Countries in Europe will have to give data on passengers flying from Europe to the United States to the US authorities, according to a new ruling by the European Parliament. The EU had resisted this decision for more than five years, arguing it was an invasion of privacy that could result in false arrests. However, now that the US has agreed to “mask out” passengers' names and contact details after six months, the agreement passed in the parliament by 409 votes to 226.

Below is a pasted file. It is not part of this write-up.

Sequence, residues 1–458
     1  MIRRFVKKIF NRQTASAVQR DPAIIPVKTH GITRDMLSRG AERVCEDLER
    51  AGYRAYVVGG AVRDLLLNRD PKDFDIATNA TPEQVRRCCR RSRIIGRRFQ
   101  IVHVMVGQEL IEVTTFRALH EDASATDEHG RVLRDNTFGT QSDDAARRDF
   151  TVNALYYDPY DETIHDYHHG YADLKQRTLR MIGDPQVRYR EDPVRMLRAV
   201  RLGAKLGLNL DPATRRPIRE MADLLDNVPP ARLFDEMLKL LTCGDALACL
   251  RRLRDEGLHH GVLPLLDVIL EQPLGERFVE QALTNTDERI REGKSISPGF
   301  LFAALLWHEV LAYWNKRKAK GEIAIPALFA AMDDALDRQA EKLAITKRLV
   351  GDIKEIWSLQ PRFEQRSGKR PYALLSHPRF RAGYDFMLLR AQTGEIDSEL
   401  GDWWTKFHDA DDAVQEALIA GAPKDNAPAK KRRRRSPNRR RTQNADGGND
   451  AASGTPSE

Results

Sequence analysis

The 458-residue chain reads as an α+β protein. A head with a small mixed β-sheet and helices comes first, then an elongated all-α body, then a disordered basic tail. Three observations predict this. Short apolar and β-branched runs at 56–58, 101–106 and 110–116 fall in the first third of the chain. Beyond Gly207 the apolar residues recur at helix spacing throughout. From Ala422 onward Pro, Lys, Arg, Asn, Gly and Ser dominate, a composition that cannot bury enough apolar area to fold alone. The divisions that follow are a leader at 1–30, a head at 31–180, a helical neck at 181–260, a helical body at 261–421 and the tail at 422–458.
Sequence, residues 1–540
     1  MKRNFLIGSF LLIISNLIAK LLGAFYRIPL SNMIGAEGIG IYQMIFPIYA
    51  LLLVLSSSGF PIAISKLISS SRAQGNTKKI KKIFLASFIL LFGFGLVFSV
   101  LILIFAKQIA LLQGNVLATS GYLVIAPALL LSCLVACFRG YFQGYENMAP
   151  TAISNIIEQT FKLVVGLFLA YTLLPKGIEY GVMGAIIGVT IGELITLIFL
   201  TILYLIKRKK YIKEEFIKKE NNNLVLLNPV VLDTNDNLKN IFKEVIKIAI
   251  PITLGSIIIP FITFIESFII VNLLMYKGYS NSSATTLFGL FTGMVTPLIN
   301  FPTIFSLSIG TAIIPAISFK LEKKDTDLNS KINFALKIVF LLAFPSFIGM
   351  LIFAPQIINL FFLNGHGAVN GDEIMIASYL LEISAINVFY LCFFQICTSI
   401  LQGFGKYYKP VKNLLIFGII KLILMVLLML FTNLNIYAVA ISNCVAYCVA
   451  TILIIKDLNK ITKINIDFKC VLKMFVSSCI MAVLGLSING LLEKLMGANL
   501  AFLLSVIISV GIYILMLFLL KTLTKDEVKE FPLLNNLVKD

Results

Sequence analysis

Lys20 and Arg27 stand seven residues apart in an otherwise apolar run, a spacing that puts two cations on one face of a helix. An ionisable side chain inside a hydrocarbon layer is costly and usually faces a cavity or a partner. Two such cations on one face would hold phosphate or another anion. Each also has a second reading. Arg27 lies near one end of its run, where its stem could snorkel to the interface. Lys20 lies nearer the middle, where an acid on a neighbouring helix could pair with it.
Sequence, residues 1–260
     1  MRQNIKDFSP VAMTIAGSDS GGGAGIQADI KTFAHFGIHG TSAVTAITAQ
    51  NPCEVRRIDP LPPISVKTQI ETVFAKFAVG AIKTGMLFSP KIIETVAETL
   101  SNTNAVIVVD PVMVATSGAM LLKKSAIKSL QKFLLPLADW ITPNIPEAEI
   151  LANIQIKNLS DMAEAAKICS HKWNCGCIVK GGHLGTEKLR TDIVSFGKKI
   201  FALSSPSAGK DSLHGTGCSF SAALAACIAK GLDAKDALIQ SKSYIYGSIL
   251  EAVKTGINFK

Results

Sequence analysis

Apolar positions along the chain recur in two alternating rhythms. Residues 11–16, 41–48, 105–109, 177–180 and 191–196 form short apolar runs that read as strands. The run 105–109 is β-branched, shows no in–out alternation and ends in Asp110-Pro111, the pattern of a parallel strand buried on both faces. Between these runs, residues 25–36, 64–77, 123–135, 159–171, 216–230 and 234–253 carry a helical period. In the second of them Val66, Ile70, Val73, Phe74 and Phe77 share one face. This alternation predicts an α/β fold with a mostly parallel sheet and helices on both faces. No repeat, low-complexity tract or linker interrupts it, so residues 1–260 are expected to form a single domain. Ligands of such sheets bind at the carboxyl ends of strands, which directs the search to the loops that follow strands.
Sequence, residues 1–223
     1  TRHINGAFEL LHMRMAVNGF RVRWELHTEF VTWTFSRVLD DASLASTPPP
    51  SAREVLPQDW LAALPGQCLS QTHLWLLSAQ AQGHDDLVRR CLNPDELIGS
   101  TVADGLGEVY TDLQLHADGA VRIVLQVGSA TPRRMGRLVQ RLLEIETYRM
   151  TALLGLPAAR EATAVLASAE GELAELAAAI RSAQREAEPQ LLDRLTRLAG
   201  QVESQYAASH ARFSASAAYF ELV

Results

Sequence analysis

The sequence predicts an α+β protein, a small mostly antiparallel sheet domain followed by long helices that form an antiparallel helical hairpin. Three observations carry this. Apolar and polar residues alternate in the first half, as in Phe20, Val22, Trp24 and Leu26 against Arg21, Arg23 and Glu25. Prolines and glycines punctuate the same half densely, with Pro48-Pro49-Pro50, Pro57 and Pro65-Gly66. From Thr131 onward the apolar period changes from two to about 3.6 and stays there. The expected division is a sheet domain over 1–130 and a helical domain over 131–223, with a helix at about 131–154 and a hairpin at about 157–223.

Airlines must now make passenger data available to US authorities before departure. This includes the names, addresses, credit card details, seat numbers, eating preferences and other information on the travellers.
However, US authorities have requested such information from airlines before. A source in the airline industry who wants to remain anonymous says that last month authorities in the US accessed data from one large European airline 7,000 times, requesting additional information on around 5% of its passengers who flew to the United States.
[photo courtesy KLM Royal Dutch Airlines]